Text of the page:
He arrived as the Sun was going down and went under the old bridge of Santa Eulari River with a little black bottle that he left there, without the top, and he started looking all over the floor, in between the stones and the river-side plants, until the new day of the new year began to dawn.

That was when he found what he was looking for, a small rare herb, "s'Herba des Fameliar" that he put immediately in the bottle. As soon as the herb was in the bottle it turned heavier, then he put the top on, jumping and shouting: "Ja et tenc! Ja et tenc!" (I've got you! I've got you!) because he knew he had found what he was looking for, his own "Fameliar".

Then, with this fantastic spirit trapped in the black bottle, he went to see Lluc, and said to him: "Lluc, you want to marry Rita, don't you? So, show me where you want the house built and don't worry about anything".

"Yes, of course" Lluc said, and showed him the land on top of a little hill where he wanted his house, thinking that the poor old man had lost his head.

"All right!" said the father, "come back here tomorrow and see what happens".

As soon as it was dark, the father was already on the hill with his little black bottle. He took off the top and a scruffy little man, less then a foot tall, with long arms, its head without a hair, like a little marrow with an enormous mouth and tiny sparkling red eyes, the "Fameliar", jumped out of the bottle shouting "Menjar o feina! Menjar o feina!¨ (Work or food! Work or food!).

"Don't worry," said the father, "I will give you plenty of work" and told him to bring the materials and build a house big enough for eight or ten people.

Within less time than I need for writing it, the materials were there, the tools were moving so fast that they looked like they were flying by themselves, the, almost one metre thick, stone walls were ready in less then two hours, an hour later the roof was done, and so on until the Sun started to show. By then, the house was finished.

Then the father said a little prayer and put his "Fameliar" back in the black bottle and put the top back on. After doing this, and as he has to spend two nights without sleep, he went back to his house looking for his bed. "Now that Lluc's house is finished, knowing that he will be our son-in-law and all his possessions will be also ours, I think that I will sleep for two days" He said.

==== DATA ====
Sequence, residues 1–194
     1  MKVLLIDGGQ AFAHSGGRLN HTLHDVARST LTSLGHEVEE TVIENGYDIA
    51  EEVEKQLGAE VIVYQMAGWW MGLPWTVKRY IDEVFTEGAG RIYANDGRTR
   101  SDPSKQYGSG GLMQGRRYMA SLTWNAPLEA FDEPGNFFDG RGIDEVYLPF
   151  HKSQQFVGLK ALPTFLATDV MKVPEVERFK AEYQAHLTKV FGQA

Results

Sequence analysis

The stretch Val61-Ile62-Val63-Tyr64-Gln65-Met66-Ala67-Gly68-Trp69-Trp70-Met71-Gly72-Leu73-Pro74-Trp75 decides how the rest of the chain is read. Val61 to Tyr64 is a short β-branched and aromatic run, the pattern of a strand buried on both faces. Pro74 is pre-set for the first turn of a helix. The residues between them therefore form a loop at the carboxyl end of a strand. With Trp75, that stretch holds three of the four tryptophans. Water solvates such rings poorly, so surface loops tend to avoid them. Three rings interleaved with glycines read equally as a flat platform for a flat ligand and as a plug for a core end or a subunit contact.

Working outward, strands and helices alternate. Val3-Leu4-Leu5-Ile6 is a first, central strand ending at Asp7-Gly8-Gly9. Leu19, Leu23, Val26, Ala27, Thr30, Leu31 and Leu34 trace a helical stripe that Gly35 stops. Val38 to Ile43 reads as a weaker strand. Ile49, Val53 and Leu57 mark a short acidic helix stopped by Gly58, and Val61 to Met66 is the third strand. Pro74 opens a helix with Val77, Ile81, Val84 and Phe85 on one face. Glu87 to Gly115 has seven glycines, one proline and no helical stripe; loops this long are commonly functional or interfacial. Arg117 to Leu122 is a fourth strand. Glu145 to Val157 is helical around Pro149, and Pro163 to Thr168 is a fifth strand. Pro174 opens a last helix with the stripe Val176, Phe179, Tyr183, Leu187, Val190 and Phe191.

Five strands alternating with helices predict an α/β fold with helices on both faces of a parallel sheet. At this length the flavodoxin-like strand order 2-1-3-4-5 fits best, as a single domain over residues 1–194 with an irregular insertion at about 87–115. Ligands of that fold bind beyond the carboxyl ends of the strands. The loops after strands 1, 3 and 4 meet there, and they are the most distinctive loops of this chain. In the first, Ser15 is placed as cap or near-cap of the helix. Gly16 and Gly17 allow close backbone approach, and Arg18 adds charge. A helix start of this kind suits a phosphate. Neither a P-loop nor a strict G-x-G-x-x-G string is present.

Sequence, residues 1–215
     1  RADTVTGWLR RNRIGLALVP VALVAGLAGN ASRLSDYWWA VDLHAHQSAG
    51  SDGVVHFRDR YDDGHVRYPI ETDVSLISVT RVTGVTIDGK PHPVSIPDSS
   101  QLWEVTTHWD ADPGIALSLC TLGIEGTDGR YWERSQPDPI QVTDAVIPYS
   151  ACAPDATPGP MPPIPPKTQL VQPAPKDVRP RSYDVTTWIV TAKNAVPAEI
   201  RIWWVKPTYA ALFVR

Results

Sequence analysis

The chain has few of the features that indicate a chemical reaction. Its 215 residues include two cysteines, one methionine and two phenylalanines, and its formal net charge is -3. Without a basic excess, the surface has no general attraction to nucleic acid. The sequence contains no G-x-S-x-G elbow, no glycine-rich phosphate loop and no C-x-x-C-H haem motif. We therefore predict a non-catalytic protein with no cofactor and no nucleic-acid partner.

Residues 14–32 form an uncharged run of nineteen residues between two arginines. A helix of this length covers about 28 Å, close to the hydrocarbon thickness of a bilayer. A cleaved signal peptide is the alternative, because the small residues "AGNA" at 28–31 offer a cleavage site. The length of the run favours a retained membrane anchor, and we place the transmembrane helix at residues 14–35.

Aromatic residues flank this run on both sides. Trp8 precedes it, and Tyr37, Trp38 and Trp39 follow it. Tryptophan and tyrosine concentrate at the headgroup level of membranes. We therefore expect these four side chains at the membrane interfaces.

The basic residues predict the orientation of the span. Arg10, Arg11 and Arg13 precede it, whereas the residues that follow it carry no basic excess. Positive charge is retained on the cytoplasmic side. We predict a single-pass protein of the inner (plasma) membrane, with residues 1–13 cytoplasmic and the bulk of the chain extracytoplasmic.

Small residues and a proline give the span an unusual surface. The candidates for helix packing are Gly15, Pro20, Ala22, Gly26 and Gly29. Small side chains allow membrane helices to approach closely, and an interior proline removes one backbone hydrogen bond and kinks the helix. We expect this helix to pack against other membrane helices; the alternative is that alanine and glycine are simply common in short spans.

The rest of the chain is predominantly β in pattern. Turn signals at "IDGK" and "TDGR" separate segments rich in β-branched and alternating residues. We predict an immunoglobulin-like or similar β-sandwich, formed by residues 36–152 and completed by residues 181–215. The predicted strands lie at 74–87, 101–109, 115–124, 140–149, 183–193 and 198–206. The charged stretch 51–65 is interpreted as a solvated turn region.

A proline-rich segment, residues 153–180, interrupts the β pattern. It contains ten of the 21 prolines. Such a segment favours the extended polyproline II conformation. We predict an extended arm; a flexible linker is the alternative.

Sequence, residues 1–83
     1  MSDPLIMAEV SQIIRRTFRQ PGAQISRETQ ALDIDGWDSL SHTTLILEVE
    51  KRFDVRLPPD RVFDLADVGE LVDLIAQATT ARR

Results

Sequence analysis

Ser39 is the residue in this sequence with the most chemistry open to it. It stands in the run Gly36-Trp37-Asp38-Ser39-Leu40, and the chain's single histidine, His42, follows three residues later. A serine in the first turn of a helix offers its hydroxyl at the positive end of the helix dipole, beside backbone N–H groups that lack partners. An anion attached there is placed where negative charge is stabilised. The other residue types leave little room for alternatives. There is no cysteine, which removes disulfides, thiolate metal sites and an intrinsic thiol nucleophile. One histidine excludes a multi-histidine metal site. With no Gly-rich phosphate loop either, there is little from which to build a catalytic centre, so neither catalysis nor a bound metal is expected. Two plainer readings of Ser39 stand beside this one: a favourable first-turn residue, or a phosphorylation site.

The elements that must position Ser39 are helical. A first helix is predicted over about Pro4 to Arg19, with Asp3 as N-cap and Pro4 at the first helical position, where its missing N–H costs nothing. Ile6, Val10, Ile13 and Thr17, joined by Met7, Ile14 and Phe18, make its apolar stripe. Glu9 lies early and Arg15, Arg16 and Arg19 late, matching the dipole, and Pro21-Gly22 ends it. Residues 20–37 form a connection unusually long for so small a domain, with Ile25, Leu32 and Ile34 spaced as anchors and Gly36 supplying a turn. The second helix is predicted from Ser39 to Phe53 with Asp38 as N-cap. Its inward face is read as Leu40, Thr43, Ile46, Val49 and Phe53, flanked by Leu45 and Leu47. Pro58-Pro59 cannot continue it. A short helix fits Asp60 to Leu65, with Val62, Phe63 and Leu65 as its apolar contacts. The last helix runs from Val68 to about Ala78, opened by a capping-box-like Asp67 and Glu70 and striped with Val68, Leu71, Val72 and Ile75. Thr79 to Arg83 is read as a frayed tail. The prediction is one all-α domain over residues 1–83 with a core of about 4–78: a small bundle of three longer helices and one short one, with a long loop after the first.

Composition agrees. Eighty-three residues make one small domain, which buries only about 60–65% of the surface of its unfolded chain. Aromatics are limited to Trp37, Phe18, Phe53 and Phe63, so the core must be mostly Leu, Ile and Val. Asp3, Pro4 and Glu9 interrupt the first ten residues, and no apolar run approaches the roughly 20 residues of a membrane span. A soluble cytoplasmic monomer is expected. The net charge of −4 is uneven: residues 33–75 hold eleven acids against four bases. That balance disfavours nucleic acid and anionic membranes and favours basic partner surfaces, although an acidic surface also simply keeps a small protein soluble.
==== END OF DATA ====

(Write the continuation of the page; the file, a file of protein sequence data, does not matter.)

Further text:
Later in the morning, when Lluc walked alone up the hill and found the house already built just over night, he was so shocked that he couldn't move for a long while. His eyes jumped out of their sockets and his mouth was so wide open that he could keep the mule and cart in it. His fragile mental health couldn't cope with it, he came down the hill running, screaming and shouting like a real fool.

When Marc saw his opponent's house already finished before his own, he never finished his, he left it all and started walking away, disappearing for ever. Someone said that he took a ship to Cuba, but no one really knows.

Rita had to marry Lluc and both moved to their new house, as she had promised, but nobody could hear her laughter any more.

They both died young. She died of annoyance, Lluc died of real fear, he was terrified every time he walked into the house, he couldn't sleep at night and never was the same man again.

After the young couple died, nobody else wanted to live in this dammed house. Rita's parents also died of remorse very soon after their daughter, so little by little the house just became a ruin and nobody wanted to work on this part of land either.

If you walk by "Es Torrent des Jonc" not far from "Sa Cala de Sant Visent", in between the forest of one of the most lonely areas, you still can see a big pile of stones where the house used to be, and some swear that if you are there the first day of the year, you can hear Rita crying: "Marc, Marc, take me with you, away from this damned house".

This, and similar "histories" of "Barrugets" "Follets" and "Fameliars", have made generations of Ibicencos cry and laugh, to dream and to fight about it being the truth or not, they have kept the young children awake in their beds for many hours, as I remember myself, with my eyes and ears completely open trying to spot one of the "Barrugets" that I was one hundred percent sure was living in our house.

But there was a time that this history was of interest to others, apart from children and simple peasants.

The Inquisition had at least two Court cases in Eivissa that involved the "Fameliar." In 1675, there was a hearing in Eivissa by the "Santa Inquisición" (the Inquisition Tribunal) asking to denounce anybody who have or have had a Fameliar by invoking Lucifer.

In 1744, Francesc Tur de Bartumeu from "Quartó de Santa Eulari" was taken to the Inquisition Tribunal because he wanted to buy a "Fameliar" from Pere Antoni Puiggros, a merchant from Vila.

For some of our historians, the legend of the "Fameliar" was just a cover to hide something more serious, something that it could not be said in our Roman Catholic society, such as the use of slaves in our Islands.

But this is another history...Anyway, don't forget to leave a slice of bread and cheese somewhere inside the house every night, just in case!



Follet
Witch


Monaciello
Quiet Folk
Serván

All Pictures © 1998 Marià Torres Torres - Antropologia d'Eivissa I Formentera Volum 1

José P Ribas

josepribas@liveibiza.com